Eurozone Monetary Policy


Eurozone: ECB announces package of measures aimed at easing monetary policy further

December 3, 2015

At its last monetary policy of 2015, the European Central Bank (ECB) announced a package of measures that are intended to ease monetary policy in order to increase inflation to its target of below, but close to 2.0%, and to anchor medium-term inflation expectations. At the 3 December meeting, the ECB announced that it would cut the deposit rate by 10 basis points to minus 0.30% and leave the refinancing rate and the marginal lending rate unchanged at 0.05% and 0.30%, respectively.

Regarding the non-standard monetary policy measures, namely the asset purchase program (APP), also known as quantitative easing (QE), the Central Bank decided to extend the program by at least six more months in order to counter “heightened uncertainties" in the global economy that could weigh on the Eurozone’s economy and confidence. The monthly purchases mainly of government bonds worth EUR 60 billion was launched in January 2015 and was intended to continue running until September 2016. The program has now been extended through March 2017 or beyond, if necessary, until there is a sustained change in the evolution of inflation.

The Central Bank also announced that it would reinvest the payments it receives from the securities purchased under the APP and that it would also broaden the type of assets purchased to include regional and local government bonds in addition to sovereign bonds. Finally, the Bank will continue to conduct the main refinancing operations for banks as a fixed rate tender with full allotment for as long as necessary, or at least until end of 2017.

The ECB took these decisions as the Bank was more concerned about the inflation outlook for the Eurozone. The Bank indicated that downside risks to the outlook have increased and that the persistence of low inflation rates reflects, “sizeable economic slack weighing on domestic price pressures and headwinds from the external environment.” In its latest forecasts, the Bank maintained its 2015 inflation forecast at 0.1% and cut the 2016 forecast to 1.0% from its projection of 1.1% in September. The 2017 forecast was also reduced from 1.7% to 1.6%.The market’s reaction to the measures was significant, as German 10-year bunds yields jumped, the euro weakened further and European equities fell. Meanwhile, there was no explicit communication about the potential for further deposit rate cuts, but ECB President Mario Draghi did clarify that, “the cut we decided today is adequate, period.”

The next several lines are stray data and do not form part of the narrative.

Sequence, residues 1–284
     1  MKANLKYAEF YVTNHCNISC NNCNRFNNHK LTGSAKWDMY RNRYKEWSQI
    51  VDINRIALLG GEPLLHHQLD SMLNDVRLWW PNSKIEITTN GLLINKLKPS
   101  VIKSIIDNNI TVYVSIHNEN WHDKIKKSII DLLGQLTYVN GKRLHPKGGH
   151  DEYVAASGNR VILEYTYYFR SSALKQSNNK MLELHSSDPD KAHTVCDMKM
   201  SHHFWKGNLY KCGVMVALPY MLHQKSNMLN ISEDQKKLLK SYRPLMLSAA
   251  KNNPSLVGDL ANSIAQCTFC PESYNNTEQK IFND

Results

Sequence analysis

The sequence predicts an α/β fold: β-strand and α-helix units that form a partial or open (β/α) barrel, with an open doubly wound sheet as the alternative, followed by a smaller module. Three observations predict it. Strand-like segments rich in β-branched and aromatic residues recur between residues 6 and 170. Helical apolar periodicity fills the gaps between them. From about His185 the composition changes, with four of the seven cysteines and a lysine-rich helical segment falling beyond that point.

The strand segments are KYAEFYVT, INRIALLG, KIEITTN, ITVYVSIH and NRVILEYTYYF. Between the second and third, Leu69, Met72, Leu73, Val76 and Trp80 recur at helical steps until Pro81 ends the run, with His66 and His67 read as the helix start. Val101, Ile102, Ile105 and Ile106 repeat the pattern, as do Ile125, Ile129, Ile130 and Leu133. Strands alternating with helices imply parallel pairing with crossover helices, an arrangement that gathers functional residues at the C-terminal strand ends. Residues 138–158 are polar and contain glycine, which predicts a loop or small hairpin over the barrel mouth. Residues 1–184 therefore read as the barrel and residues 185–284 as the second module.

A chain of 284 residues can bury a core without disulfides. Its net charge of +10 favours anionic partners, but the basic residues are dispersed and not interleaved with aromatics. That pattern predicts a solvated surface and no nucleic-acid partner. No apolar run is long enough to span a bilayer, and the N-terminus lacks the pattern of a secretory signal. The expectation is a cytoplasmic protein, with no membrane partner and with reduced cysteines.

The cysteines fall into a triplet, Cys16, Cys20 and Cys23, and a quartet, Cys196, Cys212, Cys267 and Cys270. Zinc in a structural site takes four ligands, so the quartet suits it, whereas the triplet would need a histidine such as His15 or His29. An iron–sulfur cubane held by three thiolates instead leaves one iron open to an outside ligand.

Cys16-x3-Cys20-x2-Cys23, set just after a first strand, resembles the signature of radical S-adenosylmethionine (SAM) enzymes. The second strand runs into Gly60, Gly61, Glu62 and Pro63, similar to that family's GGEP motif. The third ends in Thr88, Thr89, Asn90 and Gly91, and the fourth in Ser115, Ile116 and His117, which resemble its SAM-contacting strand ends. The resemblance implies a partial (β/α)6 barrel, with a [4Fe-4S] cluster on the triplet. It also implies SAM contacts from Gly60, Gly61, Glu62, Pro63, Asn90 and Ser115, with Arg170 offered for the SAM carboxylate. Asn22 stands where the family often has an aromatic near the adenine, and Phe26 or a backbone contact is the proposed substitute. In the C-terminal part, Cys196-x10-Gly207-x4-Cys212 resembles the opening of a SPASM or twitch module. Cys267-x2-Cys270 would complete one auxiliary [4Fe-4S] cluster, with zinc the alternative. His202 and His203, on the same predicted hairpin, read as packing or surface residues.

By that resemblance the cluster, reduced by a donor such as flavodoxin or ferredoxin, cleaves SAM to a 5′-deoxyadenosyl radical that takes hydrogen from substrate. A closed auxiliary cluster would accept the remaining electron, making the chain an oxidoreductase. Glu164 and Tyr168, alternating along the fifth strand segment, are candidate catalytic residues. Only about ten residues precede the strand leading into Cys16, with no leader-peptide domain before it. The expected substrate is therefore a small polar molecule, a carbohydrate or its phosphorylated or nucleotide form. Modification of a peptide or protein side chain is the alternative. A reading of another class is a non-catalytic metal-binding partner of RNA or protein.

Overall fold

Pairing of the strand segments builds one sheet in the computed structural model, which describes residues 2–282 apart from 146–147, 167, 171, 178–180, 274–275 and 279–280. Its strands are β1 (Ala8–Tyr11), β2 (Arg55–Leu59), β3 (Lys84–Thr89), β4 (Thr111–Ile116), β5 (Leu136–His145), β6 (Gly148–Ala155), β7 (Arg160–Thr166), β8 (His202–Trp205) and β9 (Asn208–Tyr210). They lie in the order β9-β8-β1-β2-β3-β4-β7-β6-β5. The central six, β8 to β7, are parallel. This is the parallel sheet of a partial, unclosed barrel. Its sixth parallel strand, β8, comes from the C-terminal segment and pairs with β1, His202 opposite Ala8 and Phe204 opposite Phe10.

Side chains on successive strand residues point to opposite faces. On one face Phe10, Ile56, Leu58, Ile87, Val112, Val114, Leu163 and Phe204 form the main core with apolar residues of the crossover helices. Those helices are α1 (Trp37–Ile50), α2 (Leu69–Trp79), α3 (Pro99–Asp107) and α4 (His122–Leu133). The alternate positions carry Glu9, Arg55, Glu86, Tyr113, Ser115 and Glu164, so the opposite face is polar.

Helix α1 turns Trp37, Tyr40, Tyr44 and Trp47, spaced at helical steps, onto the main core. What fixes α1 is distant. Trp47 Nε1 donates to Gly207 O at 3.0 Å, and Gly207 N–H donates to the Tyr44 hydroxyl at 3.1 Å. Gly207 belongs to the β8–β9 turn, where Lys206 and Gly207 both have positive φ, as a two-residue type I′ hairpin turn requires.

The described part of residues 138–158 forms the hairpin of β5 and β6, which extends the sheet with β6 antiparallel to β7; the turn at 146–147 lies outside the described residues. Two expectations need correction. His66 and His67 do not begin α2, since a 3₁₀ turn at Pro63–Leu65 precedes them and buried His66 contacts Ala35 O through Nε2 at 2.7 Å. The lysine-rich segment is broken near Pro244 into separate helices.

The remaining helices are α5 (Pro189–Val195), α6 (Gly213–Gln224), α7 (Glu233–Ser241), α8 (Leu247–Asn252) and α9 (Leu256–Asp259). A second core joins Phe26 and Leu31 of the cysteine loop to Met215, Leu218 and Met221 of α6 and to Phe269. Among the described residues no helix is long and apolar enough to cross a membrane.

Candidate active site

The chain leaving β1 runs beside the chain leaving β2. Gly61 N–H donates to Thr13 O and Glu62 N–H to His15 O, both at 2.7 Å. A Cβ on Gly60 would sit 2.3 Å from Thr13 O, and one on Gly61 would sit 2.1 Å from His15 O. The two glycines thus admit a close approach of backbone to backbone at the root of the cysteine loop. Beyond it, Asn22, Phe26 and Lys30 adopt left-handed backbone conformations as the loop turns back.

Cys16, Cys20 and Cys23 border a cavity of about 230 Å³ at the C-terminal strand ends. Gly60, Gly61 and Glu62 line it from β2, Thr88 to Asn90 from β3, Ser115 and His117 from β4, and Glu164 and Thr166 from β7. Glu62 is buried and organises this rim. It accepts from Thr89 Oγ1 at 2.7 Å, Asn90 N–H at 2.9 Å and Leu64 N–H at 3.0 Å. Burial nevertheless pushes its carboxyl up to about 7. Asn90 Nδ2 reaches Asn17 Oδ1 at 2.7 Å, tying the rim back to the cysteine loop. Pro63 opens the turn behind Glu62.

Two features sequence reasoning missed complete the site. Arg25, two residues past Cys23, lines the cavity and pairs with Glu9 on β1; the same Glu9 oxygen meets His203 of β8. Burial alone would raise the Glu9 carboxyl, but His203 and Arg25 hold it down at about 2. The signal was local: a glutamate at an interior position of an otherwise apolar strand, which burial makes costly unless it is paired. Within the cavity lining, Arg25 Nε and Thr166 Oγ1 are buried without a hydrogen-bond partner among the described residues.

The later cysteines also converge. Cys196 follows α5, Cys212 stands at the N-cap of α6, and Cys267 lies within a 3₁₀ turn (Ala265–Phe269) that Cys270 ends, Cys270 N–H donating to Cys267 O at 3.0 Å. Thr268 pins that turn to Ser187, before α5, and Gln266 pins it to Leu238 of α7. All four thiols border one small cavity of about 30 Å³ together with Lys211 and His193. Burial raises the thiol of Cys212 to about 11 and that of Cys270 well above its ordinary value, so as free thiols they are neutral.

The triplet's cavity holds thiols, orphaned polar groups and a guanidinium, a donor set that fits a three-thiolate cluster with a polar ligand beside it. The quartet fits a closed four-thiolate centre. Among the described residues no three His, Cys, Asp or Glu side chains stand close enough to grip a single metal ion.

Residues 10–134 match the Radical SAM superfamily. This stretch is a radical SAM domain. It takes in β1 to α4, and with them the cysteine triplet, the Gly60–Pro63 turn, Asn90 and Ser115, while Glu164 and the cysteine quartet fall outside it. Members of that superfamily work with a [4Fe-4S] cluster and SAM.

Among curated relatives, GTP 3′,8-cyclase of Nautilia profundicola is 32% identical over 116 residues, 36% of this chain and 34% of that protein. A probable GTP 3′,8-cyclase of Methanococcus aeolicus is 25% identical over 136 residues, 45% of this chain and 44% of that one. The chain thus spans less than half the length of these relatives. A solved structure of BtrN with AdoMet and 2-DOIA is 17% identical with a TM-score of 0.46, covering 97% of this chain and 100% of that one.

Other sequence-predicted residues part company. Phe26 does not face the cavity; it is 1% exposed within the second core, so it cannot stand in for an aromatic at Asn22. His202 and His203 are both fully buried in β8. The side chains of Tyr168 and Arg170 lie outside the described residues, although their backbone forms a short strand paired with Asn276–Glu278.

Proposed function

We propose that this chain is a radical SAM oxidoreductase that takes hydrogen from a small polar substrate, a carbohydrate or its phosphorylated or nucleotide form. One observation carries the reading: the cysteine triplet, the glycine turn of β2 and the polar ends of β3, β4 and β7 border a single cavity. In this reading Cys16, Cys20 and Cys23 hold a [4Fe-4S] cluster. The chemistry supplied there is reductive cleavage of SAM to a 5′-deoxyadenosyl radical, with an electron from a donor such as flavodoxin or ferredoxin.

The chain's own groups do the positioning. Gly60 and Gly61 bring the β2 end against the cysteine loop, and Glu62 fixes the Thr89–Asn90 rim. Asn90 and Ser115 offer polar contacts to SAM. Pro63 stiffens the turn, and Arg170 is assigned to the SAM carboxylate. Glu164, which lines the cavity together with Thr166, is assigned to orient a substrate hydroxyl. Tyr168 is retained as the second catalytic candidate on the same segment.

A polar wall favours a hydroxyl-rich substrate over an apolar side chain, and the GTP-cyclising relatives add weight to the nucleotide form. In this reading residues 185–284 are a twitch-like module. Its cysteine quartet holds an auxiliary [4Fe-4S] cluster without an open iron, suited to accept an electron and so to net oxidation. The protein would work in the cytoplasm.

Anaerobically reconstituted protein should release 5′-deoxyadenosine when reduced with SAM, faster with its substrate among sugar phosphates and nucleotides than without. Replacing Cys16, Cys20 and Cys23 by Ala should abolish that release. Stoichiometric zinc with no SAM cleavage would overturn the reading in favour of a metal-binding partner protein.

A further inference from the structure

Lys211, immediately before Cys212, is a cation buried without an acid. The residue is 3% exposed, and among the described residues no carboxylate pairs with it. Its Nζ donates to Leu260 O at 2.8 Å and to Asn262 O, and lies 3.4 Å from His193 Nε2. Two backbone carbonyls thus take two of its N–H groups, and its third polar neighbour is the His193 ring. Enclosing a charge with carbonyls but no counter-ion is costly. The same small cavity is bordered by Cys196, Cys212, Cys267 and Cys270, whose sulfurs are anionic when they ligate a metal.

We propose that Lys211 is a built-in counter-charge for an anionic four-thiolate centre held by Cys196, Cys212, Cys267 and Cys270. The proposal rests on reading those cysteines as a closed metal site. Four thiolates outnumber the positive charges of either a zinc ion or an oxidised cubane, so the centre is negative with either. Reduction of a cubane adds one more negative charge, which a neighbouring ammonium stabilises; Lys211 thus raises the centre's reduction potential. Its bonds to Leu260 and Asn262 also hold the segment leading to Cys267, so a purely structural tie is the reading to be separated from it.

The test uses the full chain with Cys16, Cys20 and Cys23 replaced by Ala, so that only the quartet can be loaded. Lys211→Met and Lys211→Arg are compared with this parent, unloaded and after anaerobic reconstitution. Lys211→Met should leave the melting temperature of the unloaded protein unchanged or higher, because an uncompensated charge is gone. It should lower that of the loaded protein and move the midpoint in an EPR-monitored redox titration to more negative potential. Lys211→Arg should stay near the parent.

Moreover, the announcement of a broad package of measures implies that there is unlikely to be a rush towards further monetary easing—at least in the absence of a significant shock. Heading into 2016, inflation remains at very low levels and the ECB’s focus now is on inflation expectations and policy credibility. The ECB also stated it would remain alert to upcoming inflation data as well as to how financial conditions develop in the region. The majority of analysts agree it remains to be seen whether the latest policy actions will be sufficient to anchor medium-term inflation.

Within this setting, all but one analyst FocusEconomics surveyed expect the ECB to maintain the policy rate unchanged at the current record-low of 0.05% over the course of 2016. For next year, analysts expect the ECB to gradually lift interest rates. The Consensus view is that the main refinancing rate will end 2017 year at 0.09%.

Author:, Senior Economist

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Eurozone Monetary Policy Chart

Euro Monetary Policy December 2015 2

Note: ECB Refinancing Rate in %.
Source: European Central Bank (ECB).

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